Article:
Demolition of the Great Works Dam on the Penobscot, starting this week, is part of an ambitious restoration project that will open 1,000 miles of waterways to Atlantic salmon.
by Tom Bell, staff writer
After 13 years of legal, political and engineering work, the largest-ever river restoration project in eastern North America begins Monday morning, when a 40-ton excavator aims its percussion hammer at the defunct concrete fishway of the Great Works Dam on the Penobscot River.
FOR MORE information about the Penobscot River dam removal project or donate to the effort at www.penobscotriver.org.
The $62 million project, to be completed in 2014, includes removing two dams and improving fish passages at two others. In the end, 1,000 miles of the Penobscot and its tributaries will be accessible to Atlantic salmon and other native sea-run fish for the first time in nearly two centuries.
Maine has removed 18 dams since 1999, when the Edwards Dam on the Kennebec River was demolished. But the impact of those projects is modest compared with the restoration of the Penobscot, Maine’s largest river, says Amy Kober, a spokeswoman for American Rivers.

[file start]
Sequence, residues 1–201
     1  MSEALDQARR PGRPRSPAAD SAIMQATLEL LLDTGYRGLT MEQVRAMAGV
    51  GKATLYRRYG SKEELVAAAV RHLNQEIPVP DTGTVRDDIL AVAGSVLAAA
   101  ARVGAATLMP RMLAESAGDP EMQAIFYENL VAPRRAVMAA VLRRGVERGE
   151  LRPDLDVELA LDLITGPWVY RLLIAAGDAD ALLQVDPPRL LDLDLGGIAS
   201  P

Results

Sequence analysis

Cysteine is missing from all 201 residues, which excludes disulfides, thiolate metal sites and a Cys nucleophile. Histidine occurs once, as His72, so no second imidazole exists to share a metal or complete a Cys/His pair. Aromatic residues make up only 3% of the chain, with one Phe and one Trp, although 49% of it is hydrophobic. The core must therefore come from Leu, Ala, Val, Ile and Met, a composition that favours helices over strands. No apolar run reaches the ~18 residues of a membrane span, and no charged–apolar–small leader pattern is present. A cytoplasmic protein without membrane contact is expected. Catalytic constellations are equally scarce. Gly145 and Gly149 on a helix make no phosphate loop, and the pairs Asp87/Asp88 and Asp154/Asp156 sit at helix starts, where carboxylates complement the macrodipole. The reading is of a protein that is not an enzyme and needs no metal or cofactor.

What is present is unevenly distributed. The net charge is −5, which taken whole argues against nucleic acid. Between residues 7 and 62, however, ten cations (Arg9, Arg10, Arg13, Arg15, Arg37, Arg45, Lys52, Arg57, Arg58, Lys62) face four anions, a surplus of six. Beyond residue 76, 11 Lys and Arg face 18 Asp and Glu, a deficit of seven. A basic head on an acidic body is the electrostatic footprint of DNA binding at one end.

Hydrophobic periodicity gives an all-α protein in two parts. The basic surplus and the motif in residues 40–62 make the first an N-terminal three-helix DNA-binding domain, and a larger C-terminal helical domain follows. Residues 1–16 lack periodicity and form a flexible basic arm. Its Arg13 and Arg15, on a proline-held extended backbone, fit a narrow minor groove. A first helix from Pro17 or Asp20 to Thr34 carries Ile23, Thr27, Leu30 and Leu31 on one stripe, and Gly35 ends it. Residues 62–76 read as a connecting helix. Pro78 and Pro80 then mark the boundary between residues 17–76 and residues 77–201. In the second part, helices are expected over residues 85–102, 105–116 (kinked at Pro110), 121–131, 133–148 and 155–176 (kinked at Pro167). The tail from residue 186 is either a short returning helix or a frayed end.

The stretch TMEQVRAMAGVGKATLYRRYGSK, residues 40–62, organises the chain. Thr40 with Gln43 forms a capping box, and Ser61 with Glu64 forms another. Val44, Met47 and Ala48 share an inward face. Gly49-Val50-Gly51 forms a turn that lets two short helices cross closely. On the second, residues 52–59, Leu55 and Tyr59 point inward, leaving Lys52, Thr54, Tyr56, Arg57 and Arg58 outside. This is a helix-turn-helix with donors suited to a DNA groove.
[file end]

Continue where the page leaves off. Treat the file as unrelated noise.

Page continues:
Kober says the Penobscot River project is viewed as a model for other river basins around the world because it improves fish access without cutting the amount of power hydroelectric companies can produce.
“From our perspective, the Penobscot project is one of the most significant river restoration efforts our country has ever seen,” she says.
Ken Salazar, secretary of the U.S. Department of the Interior, will be among the dignitaries speaking at a 10:15 a.m. news conference at the dam Monday. Salazar will also attend a community luncheon on Indian Island sponsored by the Penobscot Indian Nation, which played a critical role in the project.